But the Gambier Bay and its crew had done their jobs in the Battle of Leyte Gulf. They were part of a task force that turned back a much larger Japanese force opposing the Allied invasion of the Philippines.

The Gambier Bay was one of 14 Vancouver-built escort carriers that fought in what's been called the biggest naval battle of World War II.

The USS St. Lo also was sunk in the Battle of Leyte Gulf, which included four different naval actions over the span of four days.

The Gambier Bay and St. Lo were among 50 carriers built during Vancouver's WWII shipyard boom.

"They were in the thick of the battle," said Bill Wheeler, professor emeritus of engineering at Clark College and retired Navy officer.

Five Vancouver-built carriers were lost due to torpedoes, kamikaze aircraft or enemy gunfire. Eleven were heavily damaged, Wheeler said, including 10 that were hit by kamikazes.

The "baby flattops" helped fill a huge gap in the U.S. arsenal. After losing four aircraft carriers early in the war, "We had three carriers left," Wheeler said.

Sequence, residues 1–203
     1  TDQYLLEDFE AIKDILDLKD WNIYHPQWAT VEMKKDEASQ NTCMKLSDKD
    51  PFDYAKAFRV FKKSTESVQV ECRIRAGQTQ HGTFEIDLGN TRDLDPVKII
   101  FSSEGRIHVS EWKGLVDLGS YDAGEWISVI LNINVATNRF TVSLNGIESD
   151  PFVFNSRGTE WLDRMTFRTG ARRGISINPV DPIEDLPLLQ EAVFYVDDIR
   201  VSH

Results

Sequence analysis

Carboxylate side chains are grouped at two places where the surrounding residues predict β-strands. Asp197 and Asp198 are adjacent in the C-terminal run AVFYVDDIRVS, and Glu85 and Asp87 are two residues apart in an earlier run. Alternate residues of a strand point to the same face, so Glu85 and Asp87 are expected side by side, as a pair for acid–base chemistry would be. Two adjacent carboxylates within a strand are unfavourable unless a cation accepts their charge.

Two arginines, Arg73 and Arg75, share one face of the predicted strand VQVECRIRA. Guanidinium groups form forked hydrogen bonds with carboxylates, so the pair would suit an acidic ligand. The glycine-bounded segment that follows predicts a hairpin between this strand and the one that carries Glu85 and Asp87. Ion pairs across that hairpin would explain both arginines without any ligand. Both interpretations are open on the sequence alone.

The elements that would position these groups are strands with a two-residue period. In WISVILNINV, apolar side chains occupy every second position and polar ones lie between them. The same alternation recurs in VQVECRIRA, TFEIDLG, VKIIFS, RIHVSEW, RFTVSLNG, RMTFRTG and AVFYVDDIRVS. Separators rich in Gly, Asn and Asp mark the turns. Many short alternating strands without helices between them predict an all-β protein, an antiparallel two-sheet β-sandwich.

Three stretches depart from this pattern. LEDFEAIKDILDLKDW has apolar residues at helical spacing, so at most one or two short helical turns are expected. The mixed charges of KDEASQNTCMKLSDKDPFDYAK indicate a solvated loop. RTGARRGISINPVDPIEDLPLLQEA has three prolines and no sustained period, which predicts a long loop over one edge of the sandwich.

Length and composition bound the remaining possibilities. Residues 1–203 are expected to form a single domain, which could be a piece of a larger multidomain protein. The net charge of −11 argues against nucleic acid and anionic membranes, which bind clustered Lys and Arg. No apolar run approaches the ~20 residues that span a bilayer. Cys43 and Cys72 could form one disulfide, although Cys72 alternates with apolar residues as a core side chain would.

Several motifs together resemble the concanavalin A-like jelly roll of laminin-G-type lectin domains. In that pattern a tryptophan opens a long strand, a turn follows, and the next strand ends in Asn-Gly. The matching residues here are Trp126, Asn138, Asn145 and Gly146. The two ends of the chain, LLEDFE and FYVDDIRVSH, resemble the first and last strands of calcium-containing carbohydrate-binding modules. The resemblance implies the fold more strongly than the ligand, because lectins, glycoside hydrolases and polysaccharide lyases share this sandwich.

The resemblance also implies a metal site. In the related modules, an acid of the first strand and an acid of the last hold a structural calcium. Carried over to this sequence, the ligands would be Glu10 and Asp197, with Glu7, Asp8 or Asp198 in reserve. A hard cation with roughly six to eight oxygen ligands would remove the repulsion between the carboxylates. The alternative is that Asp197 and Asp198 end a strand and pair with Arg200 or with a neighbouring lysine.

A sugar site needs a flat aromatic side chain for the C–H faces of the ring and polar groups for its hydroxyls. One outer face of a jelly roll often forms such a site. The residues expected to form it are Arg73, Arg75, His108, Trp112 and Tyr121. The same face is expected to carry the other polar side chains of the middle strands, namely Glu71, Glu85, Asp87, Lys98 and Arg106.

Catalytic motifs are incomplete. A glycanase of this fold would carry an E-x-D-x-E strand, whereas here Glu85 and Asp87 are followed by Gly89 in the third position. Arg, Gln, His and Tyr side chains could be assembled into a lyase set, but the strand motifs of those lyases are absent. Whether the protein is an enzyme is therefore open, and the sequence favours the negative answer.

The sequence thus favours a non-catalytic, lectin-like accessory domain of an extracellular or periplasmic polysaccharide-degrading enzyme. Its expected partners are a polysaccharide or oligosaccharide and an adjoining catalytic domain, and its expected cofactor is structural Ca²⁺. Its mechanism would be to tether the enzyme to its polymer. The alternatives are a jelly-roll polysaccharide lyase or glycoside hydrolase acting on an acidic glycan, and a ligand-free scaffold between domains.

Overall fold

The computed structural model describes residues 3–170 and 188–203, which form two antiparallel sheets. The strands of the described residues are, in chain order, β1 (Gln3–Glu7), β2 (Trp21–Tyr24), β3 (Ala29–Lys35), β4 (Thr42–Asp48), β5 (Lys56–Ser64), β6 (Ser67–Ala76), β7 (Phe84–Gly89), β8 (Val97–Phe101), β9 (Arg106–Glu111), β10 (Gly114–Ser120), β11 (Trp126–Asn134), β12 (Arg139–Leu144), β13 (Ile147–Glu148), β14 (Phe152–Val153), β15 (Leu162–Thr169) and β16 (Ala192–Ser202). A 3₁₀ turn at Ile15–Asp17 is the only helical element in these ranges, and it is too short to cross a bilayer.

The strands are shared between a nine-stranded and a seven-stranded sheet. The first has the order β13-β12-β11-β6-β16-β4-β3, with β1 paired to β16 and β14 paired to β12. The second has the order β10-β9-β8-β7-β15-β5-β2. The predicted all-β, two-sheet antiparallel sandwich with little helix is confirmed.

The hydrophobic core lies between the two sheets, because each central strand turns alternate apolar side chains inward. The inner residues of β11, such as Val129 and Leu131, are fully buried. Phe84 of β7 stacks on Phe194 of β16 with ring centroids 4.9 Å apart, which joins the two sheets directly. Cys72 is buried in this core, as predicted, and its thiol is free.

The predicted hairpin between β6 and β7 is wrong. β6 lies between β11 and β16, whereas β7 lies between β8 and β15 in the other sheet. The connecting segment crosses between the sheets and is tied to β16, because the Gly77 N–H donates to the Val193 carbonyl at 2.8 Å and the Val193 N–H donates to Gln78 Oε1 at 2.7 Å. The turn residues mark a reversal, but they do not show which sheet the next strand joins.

With no air cover for convoys crossing the Atlantic, German U-boats sank ships faster than we built them, said Wheeler, who discussed the Kaiser carriers at the Clark County Historical Museum in April.

Production was hitting its stride 70 years ago along the Columbia River. In 1943, Kaiser workers launched 25 escort carriers and started work on 12 others.

Anniversary of launch

Saturday marked the 70th anniversary of the launching of the USS St. Lo, pictured on one of the murals just south of City Hall.

They were called Casablanca-class ships, after the first escort carrier built here. It was launched on April 5, 1943; first lady Eleanor Roosevelt did the honors in front of a crowd estimated at 75,000.

The baby flattops were about 500 feet long, with about 800 officers and enlisted men, and about 30 aircraft. The Yorktown-class carriers were twice as big, with three times the personnel and aircraft.

In addition to escort duty, the baby flattopstook part in anti-submarine warfare and sailed on training voyages for rookie carrier personnel.